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Sequential Logit Dynamic Travel Demand Model and Its Transferability

Sequential Logit Dynamic Travel Demand Model and Its Transferability A dynamic hurricane evacuation travel demand model was estimated by using sequential logit with the data from Hurricane Floyd in South Carolina. The model was estimated on a random sample of 75% of the observations and applied to the remaining 25% as a test. In the test data, a total of 241 evacuations were predicted when 246 were observed, and the model estimated the number of evacuations in each 2-h period over 4 days with a root-mean-square error of 2.79 evacuations. Evacuation orders were modeled as a time-dependent variable. This significantly enhanced model performance over that achieved with evacuation orders as a stationary variable in previous work and provided the capability to analyze the impact of the type and timing of evacuation orders. That capability permits analyzing staged evacuation, in which areas are directed to evacuate in a sequence that optimizes network use. A model estimated on Hurricane Floyd evacuation data was transferred to Southeast Louisiana; its predictions were similar to evacuation behavior observed during Hurricane Andrew. With updating of the alternative specific constant of the transferred model to ensure the correct prediction of the total number of evacuations, the model predicted evacuation with a root-mean-square error of 4.53 evacuations per 6-h period. It was discovered that applying the same distance function to the two different hurricanes was a major source of error in model transfer. The representation of distance and its interactions with other variables need to be investigated further. The procedures and the information needed for model update warrant further study. http://www.deepdyve.com/assets/images/DeepDyve-Logo-lg.png Transportation Research Record SAGE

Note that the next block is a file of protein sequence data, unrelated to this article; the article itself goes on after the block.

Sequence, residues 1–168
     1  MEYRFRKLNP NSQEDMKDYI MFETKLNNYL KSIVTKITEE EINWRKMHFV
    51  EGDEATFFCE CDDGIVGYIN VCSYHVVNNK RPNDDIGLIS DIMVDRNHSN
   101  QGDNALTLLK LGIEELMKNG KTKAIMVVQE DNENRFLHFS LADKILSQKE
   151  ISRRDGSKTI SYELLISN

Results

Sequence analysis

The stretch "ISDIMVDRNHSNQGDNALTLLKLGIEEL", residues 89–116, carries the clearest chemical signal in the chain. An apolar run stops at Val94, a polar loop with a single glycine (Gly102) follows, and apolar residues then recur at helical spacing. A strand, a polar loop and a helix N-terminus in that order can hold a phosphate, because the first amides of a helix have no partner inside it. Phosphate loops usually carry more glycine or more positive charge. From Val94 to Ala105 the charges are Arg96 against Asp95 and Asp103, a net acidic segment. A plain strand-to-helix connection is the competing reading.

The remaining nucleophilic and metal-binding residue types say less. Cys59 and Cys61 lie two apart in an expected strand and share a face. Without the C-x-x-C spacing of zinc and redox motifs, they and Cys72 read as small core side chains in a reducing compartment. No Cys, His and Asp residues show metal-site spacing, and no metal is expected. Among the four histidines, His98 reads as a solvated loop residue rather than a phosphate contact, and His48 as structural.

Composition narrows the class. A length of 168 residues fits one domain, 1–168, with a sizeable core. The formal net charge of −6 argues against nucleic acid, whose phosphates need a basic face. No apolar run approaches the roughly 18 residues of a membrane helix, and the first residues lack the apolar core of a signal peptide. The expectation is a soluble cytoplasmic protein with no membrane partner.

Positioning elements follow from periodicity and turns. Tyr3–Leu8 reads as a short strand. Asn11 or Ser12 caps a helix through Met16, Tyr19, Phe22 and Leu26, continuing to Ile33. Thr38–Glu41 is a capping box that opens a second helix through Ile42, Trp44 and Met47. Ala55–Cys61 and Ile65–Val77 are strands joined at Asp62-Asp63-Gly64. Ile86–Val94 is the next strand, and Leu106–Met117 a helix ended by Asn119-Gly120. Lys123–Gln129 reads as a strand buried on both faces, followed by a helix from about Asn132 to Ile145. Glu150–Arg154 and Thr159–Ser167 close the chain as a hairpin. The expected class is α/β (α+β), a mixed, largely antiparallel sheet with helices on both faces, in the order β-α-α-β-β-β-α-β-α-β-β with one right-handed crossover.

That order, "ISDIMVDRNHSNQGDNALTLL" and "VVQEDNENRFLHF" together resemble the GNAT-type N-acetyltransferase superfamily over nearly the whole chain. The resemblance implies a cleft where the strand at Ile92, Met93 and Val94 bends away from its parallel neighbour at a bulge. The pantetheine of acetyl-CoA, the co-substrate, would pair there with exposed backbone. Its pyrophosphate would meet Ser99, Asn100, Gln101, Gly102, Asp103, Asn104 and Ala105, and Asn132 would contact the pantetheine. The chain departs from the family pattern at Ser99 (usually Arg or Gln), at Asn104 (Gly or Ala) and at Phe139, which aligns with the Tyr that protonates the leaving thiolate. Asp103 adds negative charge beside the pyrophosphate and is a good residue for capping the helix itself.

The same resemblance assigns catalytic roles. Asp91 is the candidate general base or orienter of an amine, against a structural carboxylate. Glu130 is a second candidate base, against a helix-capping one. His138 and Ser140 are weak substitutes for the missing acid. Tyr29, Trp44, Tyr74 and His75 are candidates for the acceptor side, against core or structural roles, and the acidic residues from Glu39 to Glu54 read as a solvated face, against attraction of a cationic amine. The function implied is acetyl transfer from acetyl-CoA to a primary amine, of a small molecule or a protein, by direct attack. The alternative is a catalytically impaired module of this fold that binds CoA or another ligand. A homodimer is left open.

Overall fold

Sequential Logit Dynamic Travel Demand Model and Its Transferability

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References (10)

Publisher
SAGE
Copyright
© 2006 National Academy of Sciences
ISSN
0361-1981
eISSN
2169-4052
DOI
10.1177/0361198106197700103
Publisher site
See Article on Publisher Site

Abstract

A dynamic hurricane evacuation travel demand model was estimated by using sequential logit with the data from Hurricane Floyd in South Carolina. The model was estimated on a random sample of 75% of the observations and applied to the remaining 25% as a test. In the test data, a total of 241 evacuations were predicted when 246 were observed, and the model estimated the number of evacuations in each 2-h period over 4 days with a root-mean-square error of 2.79 evacuations. Evacuation orders were modeled as a time-dependent variable. This significantly enhanced model performance over that achieved with evacuation orders as a stationary variable in previous work and provided the capability to analyze the impact of the type and timing of evacuation orders. That capability permits analyzing staged evacuation, in which areas are directed to evacuate in a sequence that optimizes network use. A model estimated on Hurricane Floyd evacuation data was transferred to Southeast Louisiana; its predictions were similar to evacuation behavior observed during Hurricane Andrew. With updating of the alternative specific constant of the transferred model to ensure the correct prediction of the total number of evacuations, the model predicted evacuation with a root-mean-square error of 4.53 evacuations per 6-h period. It was discovered that applying the same distance function to the two different hurricanes was a major source of error in model transfer. The representation of distance and its interactions with other variables need to be investigated further. The procedures and the information needed for model update warrant further study.

Journal

Transportation Research RecordSAGE

Published: Jan 1, 2006

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